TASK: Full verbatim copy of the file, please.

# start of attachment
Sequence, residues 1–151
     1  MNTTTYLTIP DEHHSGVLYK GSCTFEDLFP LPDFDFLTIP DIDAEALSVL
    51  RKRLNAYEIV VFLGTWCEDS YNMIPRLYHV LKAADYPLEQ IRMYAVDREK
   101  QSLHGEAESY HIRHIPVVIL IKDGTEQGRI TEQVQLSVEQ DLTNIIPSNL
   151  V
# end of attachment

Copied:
Sequence, residues 1–151
     1  MNTTTYLTIP DEHHSGVLYK GSCTFEDLFP LPDFDFLTIP DIDAEALSVL
    51  RKRLNAYEIV VFLGTWCEDS YNMIPRLYHV LKAADYPLEQ IRMYAVDREK
   101  QSLHGEAESY HIRHIPVVIL IKDGTEQGRI TEQVQLSVEQ DLTNIIPSNL
   151  V